On our first wedding anniversary, I didn’t get my wife a gift. Quite frankly, I considered the idea, but shelved it because it didn’t seem like a major situation. I believed that sometimes it’s nice to get a gift for a “major” anniversary (one ending in a 5 or a 0), but for other anniversaries, I thought just spending some time together was an appropriate way to celebrate.
I was… wrong.
My wife was pretty upset with me. She had thought carefully and put together a really thoughtful gift for me, which she sprung upon me that evening. When I told her that I didn’t have a gift for her, she thought I was kidding, but eventually she realized I wasn’t. And it wasn’t pretty.
Since then, we’ve adopted a policy of getting each other very simple but thoughtful gifts for our anniversary – books, journals, simple trinkets that clearly represent that we’ve been paying attention to each other.
This is the custom that we’ve established within our marriage. Neither one of us feels that an anniversary calls for a huge, ostentatious gift of any kind. Instead, we view it as a day to recall our wedding vows and our pledge to combine our lives together, and we’ve found that simple and thoughtful is the way to go for us.
Having said that, I’ve observed many different patterns in different marriages that I’m familiar with. One marriage, for example, seems to revolve around absurdly huge gifts given by the husband to the wife, and I know from outside conversations that the husband really resents this pattern.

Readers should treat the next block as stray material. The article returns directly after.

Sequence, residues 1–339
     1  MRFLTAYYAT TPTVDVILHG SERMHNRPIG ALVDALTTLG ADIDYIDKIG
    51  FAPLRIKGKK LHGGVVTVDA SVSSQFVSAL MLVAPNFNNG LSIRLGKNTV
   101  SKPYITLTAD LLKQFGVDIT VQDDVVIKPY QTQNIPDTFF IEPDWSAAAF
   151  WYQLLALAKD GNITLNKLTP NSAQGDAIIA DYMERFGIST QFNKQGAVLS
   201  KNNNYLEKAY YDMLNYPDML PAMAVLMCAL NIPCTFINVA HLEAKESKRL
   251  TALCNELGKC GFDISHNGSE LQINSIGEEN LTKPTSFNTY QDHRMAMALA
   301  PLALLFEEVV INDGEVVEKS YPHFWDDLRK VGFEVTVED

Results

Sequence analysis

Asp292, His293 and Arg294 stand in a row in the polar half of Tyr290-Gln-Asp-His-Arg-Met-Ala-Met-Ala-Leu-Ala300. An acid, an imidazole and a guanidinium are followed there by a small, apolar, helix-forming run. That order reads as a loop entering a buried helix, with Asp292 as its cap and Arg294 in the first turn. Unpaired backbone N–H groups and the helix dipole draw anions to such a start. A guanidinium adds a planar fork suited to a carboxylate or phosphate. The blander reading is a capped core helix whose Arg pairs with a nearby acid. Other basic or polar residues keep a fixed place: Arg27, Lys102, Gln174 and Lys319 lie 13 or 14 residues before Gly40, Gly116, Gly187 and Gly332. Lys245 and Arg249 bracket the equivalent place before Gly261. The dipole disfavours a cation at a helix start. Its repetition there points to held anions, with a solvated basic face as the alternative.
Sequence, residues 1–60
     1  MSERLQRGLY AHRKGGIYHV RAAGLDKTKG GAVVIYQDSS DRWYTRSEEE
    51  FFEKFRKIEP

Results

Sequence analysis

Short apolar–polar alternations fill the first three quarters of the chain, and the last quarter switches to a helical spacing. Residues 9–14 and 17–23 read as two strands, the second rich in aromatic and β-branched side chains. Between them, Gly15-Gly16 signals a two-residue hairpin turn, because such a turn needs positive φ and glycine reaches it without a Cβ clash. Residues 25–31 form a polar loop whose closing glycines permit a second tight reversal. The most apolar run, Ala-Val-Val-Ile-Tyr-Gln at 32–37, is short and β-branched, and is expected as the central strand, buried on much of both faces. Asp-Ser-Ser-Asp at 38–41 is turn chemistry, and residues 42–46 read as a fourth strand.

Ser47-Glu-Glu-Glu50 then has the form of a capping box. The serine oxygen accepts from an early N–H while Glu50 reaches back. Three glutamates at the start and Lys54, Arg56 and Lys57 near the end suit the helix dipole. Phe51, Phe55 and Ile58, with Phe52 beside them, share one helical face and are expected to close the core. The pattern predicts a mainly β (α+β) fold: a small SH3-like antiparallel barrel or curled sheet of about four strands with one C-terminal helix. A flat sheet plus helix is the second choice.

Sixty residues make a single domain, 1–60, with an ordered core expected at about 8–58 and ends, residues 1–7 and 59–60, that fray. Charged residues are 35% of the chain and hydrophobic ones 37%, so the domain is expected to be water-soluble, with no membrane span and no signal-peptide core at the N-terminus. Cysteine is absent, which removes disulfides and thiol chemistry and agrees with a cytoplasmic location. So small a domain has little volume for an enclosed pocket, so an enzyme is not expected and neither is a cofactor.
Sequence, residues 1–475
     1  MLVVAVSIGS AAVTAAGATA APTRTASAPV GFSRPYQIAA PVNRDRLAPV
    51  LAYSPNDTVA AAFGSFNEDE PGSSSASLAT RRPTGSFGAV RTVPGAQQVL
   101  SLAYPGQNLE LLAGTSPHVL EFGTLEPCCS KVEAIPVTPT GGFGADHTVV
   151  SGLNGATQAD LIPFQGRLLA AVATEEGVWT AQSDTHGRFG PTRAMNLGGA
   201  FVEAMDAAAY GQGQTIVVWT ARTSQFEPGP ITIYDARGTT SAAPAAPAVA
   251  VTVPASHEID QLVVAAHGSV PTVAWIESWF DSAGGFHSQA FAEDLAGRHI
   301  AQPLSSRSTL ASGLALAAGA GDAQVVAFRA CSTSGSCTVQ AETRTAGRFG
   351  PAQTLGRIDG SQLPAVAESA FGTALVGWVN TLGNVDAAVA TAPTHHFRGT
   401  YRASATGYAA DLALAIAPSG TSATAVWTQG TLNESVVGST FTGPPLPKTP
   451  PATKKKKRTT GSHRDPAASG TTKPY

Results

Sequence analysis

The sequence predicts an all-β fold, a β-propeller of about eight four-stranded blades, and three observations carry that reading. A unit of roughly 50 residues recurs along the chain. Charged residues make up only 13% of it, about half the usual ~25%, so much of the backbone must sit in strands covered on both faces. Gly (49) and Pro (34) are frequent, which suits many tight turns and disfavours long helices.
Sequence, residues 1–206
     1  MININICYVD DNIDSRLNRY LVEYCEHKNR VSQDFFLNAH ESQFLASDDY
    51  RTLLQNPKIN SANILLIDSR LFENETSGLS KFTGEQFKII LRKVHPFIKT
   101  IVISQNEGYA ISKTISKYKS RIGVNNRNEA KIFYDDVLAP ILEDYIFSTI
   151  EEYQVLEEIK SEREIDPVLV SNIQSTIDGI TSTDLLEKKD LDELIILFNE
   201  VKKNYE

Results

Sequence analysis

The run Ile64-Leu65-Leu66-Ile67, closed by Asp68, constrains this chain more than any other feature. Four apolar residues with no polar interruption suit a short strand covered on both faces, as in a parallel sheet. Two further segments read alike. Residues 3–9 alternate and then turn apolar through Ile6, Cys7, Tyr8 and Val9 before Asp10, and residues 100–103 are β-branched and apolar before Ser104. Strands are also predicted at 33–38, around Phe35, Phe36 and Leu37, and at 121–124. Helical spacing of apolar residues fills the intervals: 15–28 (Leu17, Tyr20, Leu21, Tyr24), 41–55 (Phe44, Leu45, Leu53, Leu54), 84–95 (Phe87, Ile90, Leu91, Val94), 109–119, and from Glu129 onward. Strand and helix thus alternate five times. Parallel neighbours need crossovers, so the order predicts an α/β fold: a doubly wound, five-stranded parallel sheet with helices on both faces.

In another marriage, the couple sticks very carefully to the “traditional” list of wedding anniversary gifts – paper, wood, and the like. They try to think of thoughtful gifts for each other that center around the “theme” of the anniversary. I can tell from both of them that this is a tradition that they both value.
Another marriage seems to involve spending a lot of money on something frivolous that they’ll both enjoy. Recent gifts include a week-long trip and a Lexus.
In yet another marriage, their sole remembrance of their anniversary is a kiss for each year they’ve been married.
Why am I reporting all of these things here? There is no established pattern for anniversary gifts, so don’t get caught up in trying to chase something that’s an illusion. From what I can see, anniversary celebrations are as varied as the marriages they represent.
If you think that there’s something “expected” as an anniversary gift and you don’t like it, talk to your partner. It’s likely that you’re harboring an expectation that may or may not be real – and that expectation can be very expensive in the short term – and can establish a very expensive pattern over the long term.
The key to celebrating any personal event is to find a way to celebrate it that’s in line with your personal values. For us, the most valuable thing in our marriage is the fact that we know each other almost as well as we know ourselves, and we focus on celebrating our anniversary in a way that represents that.
Remember, it doesn’t have to be about frivolous spending at all. Instead, it needs to just be a remembrance of a key moment in both of your lives – and it should reflect on both of you in a way that fulfills you both.
How do you celebrate your anniversary? Share your tactics in the comments.